- SI 2 (ying-spring and water point of the small intestine channel)
- SI 7 (luo-connecting point of the small intestine channel)
- SJ 2 (ying-spring and water point of the sanjiao channel)
- SJ 6 (jing-river and fire point of the sanjiao channel)
- Liv 2 (ying-spring and fire point of the liver channel)
- ST 44 (ying-spring and water point of the stomach channel)
- LI 11 (He-Sea and Earth point of the large intestine channel)
All of these points can be used during the summer months to help balance and manage specific patterns of disharmony that arise due to various syndromes of heat.
Maintaining Kidney Vitality
The second important concept to keep in mind clinically during the summer months is the idea of the "essence of the kidneys" being a source for sweat. In patients who suffer from chronic kidney yin / yang vacuity, this can be an extremely important concept to consider when formulating treatment protocols.
The wise clinician treats before the condition arises; therefore, always consider this concept when encountering heat symptoms in patients.
This becomes particularly important when the patient has a long history of kidney vacuity signs. We can also see this in athletes who are always training hard with high loss of sweat volume in addition to busy work schedules. Over time, even if they do not show overt kidney vacuity symptoms, the kidneys will be taxed.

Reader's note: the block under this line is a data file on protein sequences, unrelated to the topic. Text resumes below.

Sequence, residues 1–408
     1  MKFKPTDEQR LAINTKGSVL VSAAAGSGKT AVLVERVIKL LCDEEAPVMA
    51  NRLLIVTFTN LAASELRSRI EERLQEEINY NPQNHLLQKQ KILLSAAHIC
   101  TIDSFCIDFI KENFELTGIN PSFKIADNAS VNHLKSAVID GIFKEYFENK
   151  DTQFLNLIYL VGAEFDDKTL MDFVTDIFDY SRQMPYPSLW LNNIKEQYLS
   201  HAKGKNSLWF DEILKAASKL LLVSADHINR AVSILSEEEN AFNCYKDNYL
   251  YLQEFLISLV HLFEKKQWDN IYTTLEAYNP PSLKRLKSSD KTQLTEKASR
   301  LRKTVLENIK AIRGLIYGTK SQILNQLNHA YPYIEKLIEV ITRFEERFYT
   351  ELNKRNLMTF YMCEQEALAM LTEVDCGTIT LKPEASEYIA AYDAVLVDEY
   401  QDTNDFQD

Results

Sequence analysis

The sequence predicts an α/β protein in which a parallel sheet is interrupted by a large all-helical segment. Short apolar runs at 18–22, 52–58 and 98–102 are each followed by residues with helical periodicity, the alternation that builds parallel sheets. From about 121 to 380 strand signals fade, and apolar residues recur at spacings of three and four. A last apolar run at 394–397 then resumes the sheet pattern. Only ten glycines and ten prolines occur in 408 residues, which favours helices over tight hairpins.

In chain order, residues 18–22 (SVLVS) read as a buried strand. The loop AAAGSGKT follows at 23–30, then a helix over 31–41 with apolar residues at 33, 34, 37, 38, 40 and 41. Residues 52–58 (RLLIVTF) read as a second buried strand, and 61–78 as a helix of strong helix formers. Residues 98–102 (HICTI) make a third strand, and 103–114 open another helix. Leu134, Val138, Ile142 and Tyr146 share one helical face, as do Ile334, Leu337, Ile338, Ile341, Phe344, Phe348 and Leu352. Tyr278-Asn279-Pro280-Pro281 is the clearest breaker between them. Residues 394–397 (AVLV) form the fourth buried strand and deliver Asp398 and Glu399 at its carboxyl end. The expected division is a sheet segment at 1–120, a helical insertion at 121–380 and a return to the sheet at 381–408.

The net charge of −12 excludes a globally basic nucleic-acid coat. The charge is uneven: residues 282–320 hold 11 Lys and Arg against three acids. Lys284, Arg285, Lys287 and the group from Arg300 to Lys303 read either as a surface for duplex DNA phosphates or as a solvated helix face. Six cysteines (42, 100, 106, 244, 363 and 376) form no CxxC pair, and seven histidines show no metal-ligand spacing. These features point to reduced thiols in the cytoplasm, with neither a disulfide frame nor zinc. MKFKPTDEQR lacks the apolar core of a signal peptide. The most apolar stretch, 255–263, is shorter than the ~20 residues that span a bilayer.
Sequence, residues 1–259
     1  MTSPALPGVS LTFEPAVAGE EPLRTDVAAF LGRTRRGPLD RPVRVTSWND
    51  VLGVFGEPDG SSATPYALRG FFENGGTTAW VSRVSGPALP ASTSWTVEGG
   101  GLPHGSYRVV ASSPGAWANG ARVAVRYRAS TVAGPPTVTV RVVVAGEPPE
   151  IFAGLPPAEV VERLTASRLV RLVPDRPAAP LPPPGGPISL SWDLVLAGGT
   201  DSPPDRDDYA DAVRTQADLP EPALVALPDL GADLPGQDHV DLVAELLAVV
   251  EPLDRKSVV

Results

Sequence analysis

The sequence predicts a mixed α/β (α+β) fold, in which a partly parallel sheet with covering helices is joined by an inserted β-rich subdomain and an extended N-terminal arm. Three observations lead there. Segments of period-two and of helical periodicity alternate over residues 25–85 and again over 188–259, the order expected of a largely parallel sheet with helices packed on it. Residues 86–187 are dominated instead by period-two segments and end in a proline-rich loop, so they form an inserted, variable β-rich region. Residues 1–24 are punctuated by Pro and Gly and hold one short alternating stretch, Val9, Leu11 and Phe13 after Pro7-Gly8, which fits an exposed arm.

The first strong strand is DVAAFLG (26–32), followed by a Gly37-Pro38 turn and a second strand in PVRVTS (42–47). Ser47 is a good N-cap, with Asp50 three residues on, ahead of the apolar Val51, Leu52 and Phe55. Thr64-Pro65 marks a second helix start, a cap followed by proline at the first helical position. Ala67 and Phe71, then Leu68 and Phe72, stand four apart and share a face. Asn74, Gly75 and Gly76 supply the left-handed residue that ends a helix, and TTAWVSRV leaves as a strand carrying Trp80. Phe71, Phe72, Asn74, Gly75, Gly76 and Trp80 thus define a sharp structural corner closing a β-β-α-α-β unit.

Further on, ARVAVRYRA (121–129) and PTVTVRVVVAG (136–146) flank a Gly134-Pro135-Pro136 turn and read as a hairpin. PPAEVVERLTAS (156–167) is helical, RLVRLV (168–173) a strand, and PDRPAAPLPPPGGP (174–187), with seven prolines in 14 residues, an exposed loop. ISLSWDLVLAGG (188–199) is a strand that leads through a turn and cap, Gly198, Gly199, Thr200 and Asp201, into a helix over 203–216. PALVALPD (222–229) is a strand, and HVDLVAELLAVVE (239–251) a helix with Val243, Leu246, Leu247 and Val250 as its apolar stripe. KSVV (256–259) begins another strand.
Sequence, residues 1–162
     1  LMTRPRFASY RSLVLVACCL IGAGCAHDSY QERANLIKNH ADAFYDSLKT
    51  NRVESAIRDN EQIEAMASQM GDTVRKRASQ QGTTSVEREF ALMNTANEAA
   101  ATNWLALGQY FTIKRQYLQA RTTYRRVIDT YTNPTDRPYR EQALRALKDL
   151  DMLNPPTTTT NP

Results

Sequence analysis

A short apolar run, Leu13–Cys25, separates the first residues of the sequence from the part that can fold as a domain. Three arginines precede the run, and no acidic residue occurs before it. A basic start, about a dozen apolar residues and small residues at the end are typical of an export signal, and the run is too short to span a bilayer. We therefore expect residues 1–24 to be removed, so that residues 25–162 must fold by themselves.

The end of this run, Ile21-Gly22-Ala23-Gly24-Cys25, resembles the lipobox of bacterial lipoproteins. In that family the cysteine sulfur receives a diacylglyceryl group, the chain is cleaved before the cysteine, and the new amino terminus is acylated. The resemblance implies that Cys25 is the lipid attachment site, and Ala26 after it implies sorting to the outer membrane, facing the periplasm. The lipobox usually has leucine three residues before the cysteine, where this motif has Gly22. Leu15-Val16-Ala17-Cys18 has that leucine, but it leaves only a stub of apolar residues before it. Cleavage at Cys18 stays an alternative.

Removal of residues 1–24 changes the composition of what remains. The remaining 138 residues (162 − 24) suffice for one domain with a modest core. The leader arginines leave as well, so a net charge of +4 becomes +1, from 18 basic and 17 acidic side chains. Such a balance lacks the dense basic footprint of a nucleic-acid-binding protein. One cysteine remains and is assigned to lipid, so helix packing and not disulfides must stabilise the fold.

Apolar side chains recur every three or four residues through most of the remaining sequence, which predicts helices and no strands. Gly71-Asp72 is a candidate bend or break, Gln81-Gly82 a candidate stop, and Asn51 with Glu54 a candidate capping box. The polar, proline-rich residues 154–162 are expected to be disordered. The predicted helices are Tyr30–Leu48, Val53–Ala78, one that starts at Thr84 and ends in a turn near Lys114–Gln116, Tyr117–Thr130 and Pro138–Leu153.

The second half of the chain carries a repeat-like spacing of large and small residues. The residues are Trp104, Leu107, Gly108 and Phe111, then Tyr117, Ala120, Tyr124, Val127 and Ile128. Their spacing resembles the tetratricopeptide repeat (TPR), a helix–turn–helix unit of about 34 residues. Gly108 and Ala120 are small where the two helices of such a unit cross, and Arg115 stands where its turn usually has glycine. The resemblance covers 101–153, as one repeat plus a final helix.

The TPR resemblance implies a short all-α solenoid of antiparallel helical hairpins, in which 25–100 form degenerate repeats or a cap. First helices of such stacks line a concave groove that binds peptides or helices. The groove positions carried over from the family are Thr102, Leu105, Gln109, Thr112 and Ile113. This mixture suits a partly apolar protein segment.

Often the qi and blood vacuity symptoms will arise first and if not effectively targeted via diet, herbs and acupuncture, will inevitably lead to a drain on the "essence of the kidneys." This is one of the reasons I always emphasize that small amounts of yin-nourishing foods should be consumed during the hot summer season.
Key Points to Consider
Points to always consider related to the concept of sweat potentially draining the "essence of the kidneys" include:
- BL 23 (back shu point of the kidneys)
- KI 2 (ying-spring and fire point of the kidney channel)
- KI 3 (shu stream / yuan source and Earth point of the kidney channel)
- KI 6 (confluent point of the yin motility vessel)
- Liv 8 (He Sea and water point of the liver channel)
- SP 6 (meeting point of the spleen, liver and kidney channels)
- Du 20 (meeting point of the governing vessel with the bladder, gallbladder, sanjiao, and liver channel / point of the Sea of Marrow)
- Ren 4 (front mu point of the small intestine; meeting point of the conception vessel with the spleen, liver and kidney channels).
I often find the combination of SP 6 + Ren 4 to be an extremely important two-point combination to be added to almost any pattern of heat aggravated by the summer season; or any pattern of qi and blood vacuity that begins to arise due to excessive activity / sweating during the busy summer months.
I hope this short article stimulates creative thinking as you encounter patients during the summer months. The summer can be a time of high levels of activity and creativity. TCM practitioners have much to offer helping patients stay inspired and feel in balance as they navigate the warm summer season.
Click here for more information about Craig Williams, LAc, AHG.